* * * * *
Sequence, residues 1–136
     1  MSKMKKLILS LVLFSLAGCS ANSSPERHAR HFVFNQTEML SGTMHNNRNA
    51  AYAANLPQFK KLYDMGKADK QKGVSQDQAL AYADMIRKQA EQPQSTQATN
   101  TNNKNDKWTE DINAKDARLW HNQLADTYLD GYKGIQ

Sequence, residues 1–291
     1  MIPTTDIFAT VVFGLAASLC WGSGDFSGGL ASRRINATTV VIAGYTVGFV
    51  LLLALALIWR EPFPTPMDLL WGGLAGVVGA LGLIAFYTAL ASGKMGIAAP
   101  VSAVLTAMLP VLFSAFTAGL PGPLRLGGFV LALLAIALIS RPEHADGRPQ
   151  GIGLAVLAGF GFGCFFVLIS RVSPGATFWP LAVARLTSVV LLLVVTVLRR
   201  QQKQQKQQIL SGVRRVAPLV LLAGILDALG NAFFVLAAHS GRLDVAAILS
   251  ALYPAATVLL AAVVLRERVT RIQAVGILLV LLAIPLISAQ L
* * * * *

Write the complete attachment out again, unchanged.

Sequence, residues 1–136
     1  MSKMKKLILS LVLFSLAGCS ANSSPERHAR HFVFNQTEML SGTMHNNRNA
    51  AYAANLPQFK KLYDMGKADK QKGVSQDQAL AYADMIRKQA EQPQSTQATN
   101  TNNKNDKWTE DINAKDARLW HNQLADTYLD GYKGIQ

Sequence, residues 1–291
     1  MIPTTDIFAT VVFGLAASLC WGSGDFSGGL ASRRINATTV VIAGYTVGFV
    51  LLLALALIWR EPFPTPMDLL WGGLAGVVGA LGLIAFYTAL ASGKMGIAAP
   101  VSAVLTAMLP VLFSAFTAGL PGPLRLGGFV LALLAIALIS RPEHADGRPQ
   151  GIGLAVLAGF GFGCFFVLIS RVSPGATFWP LAVARLTSVV LLLVVTVLRR
   201  QQKQQKQQIL SGVRRVAPLV LLAGILDALG NAFFVLAAHS GRLDVAAILS
   251  ALYPAATVLL AAVVLRERVT RIQAVGILLV LLAIPLISAQ L